The Big D, by Elayne Riggs
Back in the spring during my job hunt, I took care of my annual checkup. I’d gotten fed up with my New Rochelle physician who’d kept up a steady drumbeat of “you need to lose weight” as the answer for everything from my heart scare to high blood pressure to allergies (the allergy advice seemed to always be supplemented by free samples of Flonase, from which she was doubtless getting a kickback), and heck if I wanted to schlep into New Rochelle again anyway. So I went to a local doctor who was listed as a fat-friendly health professional. But while this local doc was certainly friendly, she turned out not to be terribly fat-accepting, especially considering the results of my first workup.
Her office called me when the test numbers arrived, asking me to return, which I did, shortly before I was offered my current position. Nobody said why I had to come in again, but I was misled to believe it was because they needed to retake the blood test since I hadn’t fasted prior to the first test (not that they’d reminded me I should have). Well, as it turns out, I was greeted with the kind of news that pretty much rocked my life in a dramatically deeper way than did my atrial fibrillation scare of Aught-5. That was the overnight hospital stay which gave me a wake-up call at age 48 that I could no longer eat anything I wanted and not suffer the consequences. So I commenced with a salt-restricted lifestyle, missed potato chips and pickles for awhile, but could more or less deal with it just fine.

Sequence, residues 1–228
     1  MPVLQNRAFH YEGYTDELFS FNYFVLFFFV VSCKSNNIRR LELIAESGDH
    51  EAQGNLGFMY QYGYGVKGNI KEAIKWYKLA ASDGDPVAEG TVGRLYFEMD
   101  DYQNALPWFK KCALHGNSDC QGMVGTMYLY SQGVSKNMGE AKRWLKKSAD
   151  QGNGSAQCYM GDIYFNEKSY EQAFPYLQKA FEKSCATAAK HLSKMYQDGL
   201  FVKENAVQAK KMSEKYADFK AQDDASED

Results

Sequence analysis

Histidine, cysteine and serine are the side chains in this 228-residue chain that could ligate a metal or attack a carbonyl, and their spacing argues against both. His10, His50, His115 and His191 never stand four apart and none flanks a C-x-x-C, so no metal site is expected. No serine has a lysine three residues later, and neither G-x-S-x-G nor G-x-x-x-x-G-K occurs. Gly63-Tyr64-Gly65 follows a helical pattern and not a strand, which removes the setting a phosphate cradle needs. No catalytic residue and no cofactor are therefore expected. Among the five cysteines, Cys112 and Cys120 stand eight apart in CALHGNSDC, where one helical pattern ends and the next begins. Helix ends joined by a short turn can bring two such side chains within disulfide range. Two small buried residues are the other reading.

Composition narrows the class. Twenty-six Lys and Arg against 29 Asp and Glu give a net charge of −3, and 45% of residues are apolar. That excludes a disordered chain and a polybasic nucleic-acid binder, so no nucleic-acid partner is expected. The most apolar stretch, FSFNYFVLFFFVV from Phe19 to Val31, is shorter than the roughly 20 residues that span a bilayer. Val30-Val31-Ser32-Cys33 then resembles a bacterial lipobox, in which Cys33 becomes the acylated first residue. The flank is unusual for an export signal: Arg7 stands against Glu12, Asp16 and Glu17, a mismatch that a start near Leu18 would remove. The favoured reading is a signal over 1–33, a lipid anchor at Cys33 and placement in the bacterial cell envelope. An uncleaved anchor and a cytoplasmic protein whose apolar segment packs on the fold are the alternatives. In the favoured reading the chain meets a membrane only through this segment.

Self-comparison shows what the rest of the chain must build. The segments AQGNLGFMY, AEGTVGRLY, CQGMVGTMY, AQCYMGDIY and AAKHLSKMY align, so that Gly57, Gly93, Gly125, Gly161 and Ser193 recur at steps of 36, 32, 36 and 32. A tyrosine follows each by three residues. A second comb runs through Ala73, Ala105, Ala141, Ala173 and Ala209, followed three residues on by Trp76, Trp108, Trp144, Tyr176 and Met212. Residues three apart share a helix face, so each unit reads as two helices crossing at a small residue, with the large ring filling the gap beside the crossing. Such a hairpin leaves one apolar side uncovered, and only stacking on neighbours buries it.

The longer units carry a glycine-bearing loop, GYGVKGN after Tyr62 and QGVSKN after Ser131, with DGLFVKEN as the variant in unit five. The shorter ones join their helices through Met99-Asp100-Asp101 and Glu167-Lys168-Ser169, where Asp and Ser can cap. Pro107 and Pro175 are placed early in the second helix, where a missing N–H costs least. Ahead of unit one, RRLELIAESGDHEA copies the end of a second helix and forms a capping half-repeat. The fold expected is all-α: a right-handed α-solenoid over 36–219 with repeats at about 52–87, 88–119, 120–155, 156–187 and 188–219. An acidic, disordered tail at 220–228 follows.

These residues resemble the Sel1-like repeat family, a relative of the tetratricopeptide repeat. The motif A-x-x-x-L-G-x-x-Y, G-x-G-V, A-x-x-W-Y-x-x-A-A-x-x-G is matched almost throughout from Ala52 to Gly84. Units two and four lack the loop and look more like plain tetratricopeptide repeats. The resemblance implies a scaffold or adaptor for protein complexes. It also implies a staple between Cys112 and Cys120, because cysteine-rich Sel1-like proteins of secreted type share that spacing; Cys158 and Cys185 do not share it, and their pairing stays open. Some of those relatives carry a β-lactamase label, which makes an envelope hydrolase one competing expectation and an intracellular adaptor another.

This one was different. The diagnosis was diabetes.
My New Rochelle physician had hinted at how I was kinda sorta borderline diabetic, and noted that I seemed to be managing it well. But no other concrete or helpful information made it through her incessant “lose weight” propaganda, which didn’t help at all. After all, lots of thin folks get diabetes. My godson’s brother is all of 11, fairly trim, and has Type I. (In fact, he’s quite the diabetes activist; do consider supporting his efforts!) My Dad had adult-onset (Type II) diabetes the last few years of his life, and he had been pretty thin for at least a few decades. What I needed to hear, which I’ve only figured out in retrospect, was some of the warning signs, particularly those which had nothing to do with weight.
I think back to the episode of M*A*S*H that dealt with the condition and remembered that Smilin’ Jack had little wounds that took forever to heal. Come to think of it, so did I. Particularly the Big Toe Episode of Aught-6, where a trip and fall in my ex-office’s parking lot resulted in a bruise that lasted over a year and a half and then had to be treated by a podiatrist after the blackened nail grew out. Also, my extremities got cold or numb quite a bit. And I was thirsty all the time. Dad thought that was a sure warning sign as well, but his message wound up garbled to admonish me that drinking anything, even water, would lead to the Big D. (If he’d cited fruit juice instead, he’d have been more on the money, but I’m getting ahead of myself.)